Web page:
Hearing Date and Time: May 5, 2009 at 3:30 p.m.

, ET

WHITE & CASE LLP 1155 Avenue of the Americas New York, New York 10036-2787 (212) 819-8200 Glenn M. Kurtz Gerard H. Uzzi Wachovia Financial Center, Suite 4900 200 South Biscayne Blvd. Miami, Florida 33131 (305) 371-2700 Thomas E Lauria (admitted pro hac vice) ATTORNEYS FOR THE CHRYSLER NON-TARP LENDERS

IN THE UNITED STATES BANKRUPTCY COURT FOR THE SOUTHERN DISTRICT OF NEW YORK In re CHRYSLER, LLC, et al., Debtors. ) ) ) ) ) ) ) Chapter 11 Case No. 09-50002 Jointly Administered


The Chrysler Non-TARP Lenders are comprised of certain holders, or investment advisors to holders, of the Senior Debt (as defined below).


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Sale of Substantially All of the Debtors’ Operating Assets (B) Scheduling a Final Sale Hearing and (C) Approving the Form and Manner of Notice Thereof [Docket No. 190] (the “Sale Motion”) filed by Chrysler, LLC (“Chrysler”) and the above-captioned debtors and debtors in possession (collectively, the “Debtors”).2 In support of its Objection, the Chrysler Non-TARP Lenders respectfully state and represent as follows: PRELIMINARY STATEMENT The Sale Motion seeks approval of bidding procedures and a sale schedule (collectively, “Sale Procedures”) that are designed to prevent, not encourage, competitive bidding. Indeed, the Sales Procedures are designed to do nothing more than give the appearance of legitimacy to a sale that is facially defective and constitutes an illegal sub rosa plan. Through the Sale Procedures, the Debtors in effect preclude anyone but the government from bidding on the Debtors’ assets. Accordingly, the Sale Procedures are inherently unfair and do not comply with the fundamental purpose for bidding procedures – to maximize the sale price for the Debtors’ assets. The Sale Procedures provide just over one week for potential bidders to bid on substantially all of the Debtors’ assets. To compound this absurdity, the Debtors mandate virtually every term of a potential bid, with each restriction designed not to generate bids but rather to discourage them. For example, under the Sale Procedures, the Debtors require that the purchase price and terms as well as the conditions of bids be substantially the same as those set forth in the proposed Purchase Agreement. (Indeed, the Debtors even seek a “redline” of any proposed agreement reflecting changes against the Purchase Agreement). This assures that the


This Objection does not constitute the Chrysler Non-TARP Lenders’ Objection to each of the orders requested in the Debtors’ Sale Motion set forth in Docket No. 190, but only an objection to the limited portions of that Sale Motion discussed herein. The Chrysler Non-TARP Lenders intend to file an objection to the Sale Motion in its entirety by the objection deadline.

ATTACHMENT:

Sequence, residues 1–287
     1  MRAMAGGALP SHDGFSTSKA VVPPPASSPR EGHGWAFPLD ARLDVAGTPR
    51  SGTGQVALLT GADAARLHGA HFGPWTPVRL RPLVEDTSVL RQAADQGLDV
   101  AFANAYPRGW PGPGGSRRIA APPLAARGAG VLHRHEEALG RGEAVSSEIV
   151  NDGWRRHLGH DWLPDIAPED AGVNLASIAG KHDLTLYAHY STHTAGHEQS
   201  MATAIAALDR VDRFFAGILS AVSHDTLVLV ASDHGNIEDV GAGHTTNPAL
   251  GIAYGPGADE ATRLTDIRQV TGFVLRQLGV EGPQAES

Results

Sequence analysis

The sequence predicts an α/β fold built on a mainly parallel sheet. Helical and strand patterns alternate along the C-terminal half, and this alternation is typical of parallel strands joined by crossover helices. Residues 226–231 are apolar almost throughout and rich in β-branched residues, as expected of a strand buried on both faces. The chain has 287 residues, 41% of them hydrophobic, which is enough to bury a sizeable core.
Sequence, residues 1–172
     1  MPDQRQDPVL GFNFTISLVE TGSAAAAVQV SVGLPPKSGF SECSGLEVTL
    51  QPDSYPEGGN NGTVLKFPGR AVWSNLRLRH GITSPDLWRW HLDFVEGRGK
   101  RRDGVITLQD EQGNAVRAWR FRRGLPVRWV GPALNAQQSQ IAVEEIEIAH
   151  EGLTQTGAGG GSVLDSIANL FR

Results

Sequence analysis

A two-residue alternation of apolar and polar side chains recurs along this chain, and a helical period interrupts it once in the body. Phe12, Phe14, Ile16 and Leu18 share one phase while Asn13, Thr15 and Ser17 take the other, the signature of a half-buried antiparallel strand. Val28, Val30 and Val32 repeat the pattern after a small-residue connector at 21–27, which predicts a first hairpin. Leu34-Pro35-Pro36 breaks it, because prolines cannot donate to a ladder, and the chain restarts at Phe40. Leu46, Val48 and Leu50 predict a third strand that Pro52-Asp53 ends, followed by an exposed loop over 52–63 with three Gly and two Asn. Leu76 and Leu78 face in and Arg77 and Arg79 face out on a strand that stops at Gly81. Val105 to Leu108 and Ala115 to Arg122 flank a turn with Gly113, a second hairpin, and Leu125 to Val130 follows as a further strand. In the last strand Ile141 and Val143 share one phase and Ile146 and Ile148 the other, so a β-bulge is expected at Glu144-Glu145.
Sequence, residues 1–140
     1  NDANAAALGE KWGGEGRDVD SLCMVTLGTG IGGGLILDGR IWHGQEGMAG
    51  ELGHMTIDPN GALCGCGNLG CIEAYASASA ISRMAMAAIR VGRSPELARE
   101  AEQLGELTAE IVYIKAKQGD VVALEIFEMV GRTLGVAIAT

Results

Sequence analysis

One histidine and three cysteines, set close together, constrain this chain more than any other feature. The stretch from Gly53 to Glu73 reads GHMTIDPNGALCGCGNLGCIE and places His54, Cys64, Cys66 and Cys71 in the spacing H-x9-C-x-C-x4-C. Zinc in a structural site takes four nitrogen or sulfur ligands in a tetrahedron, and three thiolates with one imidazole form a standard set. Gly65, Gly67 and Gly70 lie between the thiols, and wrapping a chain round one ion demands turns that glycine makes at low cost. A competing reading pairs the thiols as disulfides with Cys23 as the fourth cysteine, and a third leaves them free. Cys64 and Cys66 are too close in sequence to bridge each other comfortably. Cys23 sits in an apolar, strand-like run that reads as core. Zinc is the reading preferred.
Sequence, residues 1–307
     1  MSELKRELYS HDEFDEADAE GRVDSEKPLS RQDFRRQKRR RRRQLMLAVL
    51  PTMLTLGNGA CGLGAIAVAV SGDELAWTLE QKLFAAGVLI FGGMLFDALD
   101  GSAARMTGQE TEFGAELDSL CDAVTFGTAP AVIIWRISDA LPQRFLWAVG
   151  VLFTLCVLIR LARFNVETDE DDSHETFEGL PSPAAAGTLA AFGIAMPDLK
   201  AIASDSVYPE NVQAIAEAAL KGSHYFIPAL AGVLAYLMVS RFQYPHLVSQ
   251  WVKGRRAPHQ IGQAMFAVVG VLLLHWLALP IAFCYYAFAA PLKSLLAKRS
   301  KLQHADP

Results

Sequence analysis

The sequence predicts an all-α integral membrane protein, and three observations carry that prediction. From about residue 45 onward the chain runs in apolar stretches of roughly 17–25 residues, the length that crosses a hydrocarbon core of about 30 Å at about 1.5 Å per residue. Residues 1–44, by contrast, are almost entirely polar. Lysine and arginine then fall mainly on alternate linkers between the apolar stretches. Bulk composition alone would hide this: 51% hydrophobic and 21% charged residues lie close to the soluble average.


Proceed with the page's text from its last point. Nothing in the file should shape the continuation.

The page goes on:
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government’s stalking horse bid will prevail because the proposed sale is structured to achieve political, not economic, goals. The Debtors would require bids (amounting in the billions of dollars) to be made without the protection of any due diligence, financing contingencies, or other bid protections. The Debtors would require bidders to agree to certain collective bargaining agreements, without any showing that such agreements benefit the estates or are critical to maximizing value for the estates. Finally, in an attempt to impose their sub rosa plan and make an end run around the priority scheme of chapter 11, the Debtors intend to require a bidder to assume billions in liabilities held by certain favored unsecured creditors, whether or not doing so maximizes value for the estates. Such a provision serves no purpose other than ensuring that the government is the only bidder and the prearranged government/Chrysler/UAW/Fiat sub rosa plan gets pushed through this Court. Finally, the Sale Procedures do not preserve the section 363(k) rights of the Chrysler Non-TARP Lenders. Tellingly, the Sale Procedures provide for broad rights to reject bids upon consultation with, among others, the U.S. Treasury—one of the sponsors of the Debtors’ proposed sale transaction. The Sale Procedures are simply further evidence of the Debtors’, and the U.S. government’s, attempt to mandate the proposed sale to Fiat, and thereby take away the Chrysler Non-TARP Lenders’ property rights without providing them due process of law. The requested order for the proposed Sale Procedures should be denied. BACKGROUND3 1. On April 30, 2009 (the “Petition Date”), each of the Debtors filed petitions